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    Ok, pretty much all cleared up here on my end; thanks so much for taking the time... Anyway, there's just one thing that still confuses me. I understand everything you're saying about how exactly the new 5.1 surround is created on the bootleg videos, however I'm not sure what you mean when you refer to the people authoring these projects "buying the DVD." That's what I'm stumped about; there is NO DVD that you can buy for these shows, and thus no already-put-together 5.1 source to mix with a video they may have. Furthermore, if there was a DVD to buy, why would they need to make their own bootleg!?!?! :eek:) The bottom line is this: I have a Pearl Jam DVD bootleg, among many other bootleg DVDs, in which the video is obiviously shot from a fan in the crowd, but the sound is mixed in DTS!!! How is this possible, since there is obviously no 5.1 source for this show that one could buy???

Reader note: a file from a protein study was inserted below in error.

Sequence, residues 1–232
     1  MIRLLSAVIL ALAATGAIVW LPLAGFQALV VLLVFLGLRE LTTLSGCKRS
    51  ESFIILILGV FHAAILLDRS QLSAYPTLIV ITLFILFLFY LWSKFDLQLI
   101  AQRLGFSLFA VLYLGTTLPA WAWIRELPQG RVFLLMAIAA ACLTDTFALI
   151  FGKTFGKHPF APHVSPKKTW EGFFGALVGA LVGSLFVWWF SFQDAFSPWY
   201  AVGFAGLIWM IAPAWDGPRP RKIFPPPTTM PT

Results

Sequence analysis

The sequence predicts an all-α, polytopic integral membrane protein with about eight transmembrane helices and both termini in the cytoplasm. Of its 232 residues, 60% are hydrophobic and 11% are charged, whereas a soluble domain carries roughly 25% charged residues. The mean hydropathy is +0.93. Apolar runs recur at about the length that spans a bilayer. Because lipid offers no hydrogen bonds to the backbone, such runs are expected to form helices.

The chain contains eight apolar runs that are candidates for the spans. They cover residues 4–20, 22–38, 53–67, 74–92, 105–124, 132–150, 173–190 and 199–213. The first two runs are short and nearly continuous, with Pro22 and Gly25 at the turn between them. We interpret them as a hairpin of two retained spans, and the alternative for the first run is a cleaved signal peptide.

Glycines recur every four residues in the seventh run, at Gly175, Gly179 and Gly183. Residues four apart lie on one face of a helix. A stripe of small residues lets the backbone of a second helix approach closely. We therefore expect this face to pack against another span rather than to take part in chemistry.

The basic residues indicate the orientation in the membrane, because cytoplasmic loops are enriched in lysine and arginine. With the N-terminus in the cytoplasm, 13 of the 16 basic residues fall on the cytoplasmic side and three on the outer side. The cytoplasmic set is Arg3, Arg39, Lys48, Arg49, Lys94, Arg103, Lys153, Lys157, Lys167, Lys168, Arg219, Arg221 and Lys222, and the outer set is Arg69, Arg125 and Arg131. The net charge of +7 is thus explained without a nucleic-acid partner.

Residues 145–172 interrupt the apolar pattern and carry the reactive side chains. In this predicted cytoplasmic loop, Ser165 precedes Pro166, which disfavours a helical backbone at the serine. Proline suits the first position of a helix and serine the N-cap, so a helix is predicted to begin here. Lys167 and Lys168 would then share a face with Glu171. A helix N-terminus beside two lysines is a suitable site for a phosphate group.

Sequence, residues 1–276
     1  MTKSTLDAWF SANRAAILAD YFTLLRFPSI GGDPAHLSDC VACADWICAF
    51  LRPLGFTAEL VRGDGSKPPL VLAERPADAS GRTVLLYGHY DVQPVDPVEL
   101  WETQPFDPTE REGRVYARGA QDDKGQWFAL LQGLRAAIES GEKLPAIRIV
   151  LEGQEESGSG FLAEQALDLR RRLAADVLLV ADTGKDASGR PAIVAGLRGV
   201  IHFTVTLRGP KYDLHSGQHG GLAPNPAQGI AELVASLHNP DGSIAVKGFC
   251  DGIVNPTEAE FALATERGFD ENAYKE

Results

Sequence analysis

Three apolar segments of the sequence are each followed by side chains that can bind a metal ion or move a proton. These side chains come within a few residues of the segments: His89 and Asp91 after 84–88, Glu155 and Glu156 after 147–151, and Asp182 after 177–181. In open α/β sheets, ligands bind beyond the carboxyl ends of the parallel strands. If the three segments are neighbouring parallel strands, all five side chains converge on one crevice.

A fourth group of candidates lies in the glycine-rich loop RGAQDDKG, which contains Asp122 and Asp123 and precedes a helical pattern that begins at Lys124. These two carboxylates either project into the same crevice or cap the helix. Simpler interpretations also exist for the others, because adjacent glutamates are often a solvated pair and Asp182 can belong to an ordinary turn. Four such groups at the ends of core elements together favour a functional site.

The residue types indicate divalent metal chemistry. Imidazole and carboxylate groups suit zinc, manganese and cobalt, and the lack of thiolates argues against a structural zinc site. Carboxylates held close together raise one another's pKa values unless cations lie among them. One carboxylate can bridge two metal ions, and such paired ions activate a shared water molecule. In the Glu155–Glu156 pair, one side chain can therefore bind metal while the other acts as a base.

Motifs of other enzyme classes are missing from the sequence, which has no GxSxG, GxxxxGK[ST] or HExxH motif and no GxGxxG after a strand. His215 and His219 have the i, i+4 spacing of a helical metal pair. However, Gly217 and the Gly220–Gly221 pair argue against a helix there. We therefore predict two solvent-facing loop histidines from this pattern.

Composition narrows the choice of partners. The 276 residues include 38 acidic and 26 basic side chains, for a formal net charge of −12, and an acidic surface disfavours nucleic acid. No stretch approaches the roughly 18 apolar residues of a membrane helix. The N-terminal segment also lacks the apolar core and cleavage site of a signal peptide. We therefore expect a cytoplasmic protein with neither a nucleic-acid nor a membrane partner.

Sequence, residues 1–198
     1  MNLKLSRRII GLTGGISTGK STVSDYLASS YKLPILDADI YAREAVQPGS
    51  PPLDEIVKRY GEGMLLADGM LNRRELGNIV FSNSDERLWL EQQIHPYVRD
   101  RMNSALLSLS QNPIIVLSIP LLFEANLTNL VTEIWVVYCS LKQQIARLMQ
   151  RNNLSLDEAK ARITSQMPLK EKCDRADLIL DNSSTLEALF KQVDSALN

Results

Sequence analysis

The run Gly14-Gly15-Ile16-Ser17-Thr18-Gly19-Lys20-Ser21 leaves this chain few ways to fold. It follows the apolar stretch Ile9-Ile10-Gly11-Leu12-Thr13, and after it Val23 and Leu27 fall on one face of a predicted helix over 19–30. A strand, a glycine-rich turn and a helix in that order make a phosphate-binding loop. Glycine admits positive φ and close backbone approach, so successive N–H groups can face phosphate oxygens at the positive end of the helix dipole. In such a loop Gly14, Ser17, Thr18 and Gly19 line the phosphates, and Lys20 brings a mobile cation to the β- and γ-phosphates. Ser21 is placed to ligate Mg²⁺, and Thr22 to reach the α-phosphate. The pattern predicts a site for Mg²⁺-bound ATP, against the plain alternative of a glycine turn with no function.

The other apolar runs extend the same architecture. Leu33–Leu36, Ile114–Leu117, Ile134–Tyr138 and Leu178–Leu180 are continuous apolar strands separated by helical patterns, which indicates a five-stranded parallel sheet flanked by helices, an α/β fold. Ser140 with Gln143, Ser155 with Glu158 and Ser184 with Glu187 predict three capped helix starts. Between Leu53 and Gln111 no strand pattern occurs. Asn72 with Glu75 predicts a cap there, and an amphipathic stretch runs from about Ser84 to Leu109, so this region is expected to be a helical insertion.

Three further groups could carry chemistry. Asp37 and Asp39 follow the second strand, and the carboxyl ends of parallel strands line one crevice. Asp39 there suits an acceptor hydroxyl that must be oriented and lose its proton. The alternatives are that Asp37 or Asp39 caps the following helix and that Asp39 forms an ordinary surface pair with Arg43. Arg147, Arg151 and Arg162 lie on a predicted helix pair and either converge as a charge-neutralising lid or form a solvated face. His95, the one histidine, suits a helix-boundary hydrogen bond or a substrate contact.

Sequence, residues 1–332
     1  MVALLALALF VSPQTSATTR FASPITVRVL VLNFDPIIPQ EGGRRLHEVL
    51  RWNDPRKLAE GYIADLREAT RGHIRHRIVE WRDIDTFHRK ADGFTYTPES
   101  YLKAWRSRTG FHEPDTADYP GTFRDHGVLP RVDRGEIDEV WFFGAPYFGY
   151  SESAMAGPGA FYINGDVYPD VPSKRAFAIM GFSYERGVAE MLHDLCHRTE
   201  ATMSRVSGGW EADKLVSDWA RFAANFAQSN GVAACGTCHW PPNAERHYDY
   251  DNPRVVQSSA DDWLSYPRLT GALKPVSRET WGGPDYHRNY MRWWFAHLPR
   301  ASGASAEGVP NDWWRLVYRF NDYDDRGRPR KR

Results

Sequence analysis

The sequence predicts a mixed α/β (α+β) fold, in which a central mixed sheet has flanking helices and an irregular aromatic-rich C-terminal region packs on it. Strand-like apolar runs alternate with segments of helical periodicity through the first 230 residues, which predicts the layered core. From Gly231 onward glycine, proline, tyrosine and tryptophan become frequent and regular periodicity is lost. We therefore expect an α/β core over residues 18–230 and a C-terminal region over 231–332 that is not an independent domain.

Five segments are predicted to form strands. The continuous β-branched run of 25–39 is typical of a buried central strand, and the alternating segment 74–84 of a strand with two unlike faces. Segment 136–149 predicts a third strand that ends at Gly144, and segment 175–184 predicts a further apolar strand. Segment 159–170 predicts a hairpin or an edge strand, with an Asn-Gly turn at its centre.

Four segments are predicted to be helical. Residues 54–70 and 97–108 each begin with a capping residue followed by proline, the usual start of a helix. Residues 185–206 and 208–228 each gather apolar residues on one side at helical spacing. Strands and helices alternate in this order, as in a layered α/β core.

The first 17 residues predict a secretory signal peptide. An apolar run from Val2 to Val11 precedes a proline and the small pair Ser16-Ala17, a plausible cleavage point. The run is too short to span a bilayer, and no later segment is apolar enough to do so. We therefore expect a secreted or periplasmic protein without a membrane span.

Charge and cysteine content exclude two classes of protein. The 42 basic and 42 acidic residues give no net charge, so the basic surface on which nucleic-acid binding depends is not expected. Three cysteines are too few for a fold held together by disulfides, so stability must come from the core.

12. rebootjim

    rebootjim Active member

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    Then someone had a really nice cam, and/or used a separate audio recording source, probably plugged right in to the mixing board at the concert.
    Commonly known as a telesync.
     
  13. Taint

    Taint Member

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    The quality of the video would denote that it was probably no better than your average camcorder, and this was in 1995, too... Anyway, you're probably right; probably a SBD hook-up of some sorts...

    Thanks again for all your input; being a newbie at this stuff is never fun!
     
  14. buttmunch

    buttmunch Member

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    ok.. well heres my question maybe you cant get true 5.1 surround but can you have the stereo sound converted so it will at least play on all speakers of a surroing sound system.. sounds totally duable to me theres gotta be some conversion software out there.. gonna check and ill be back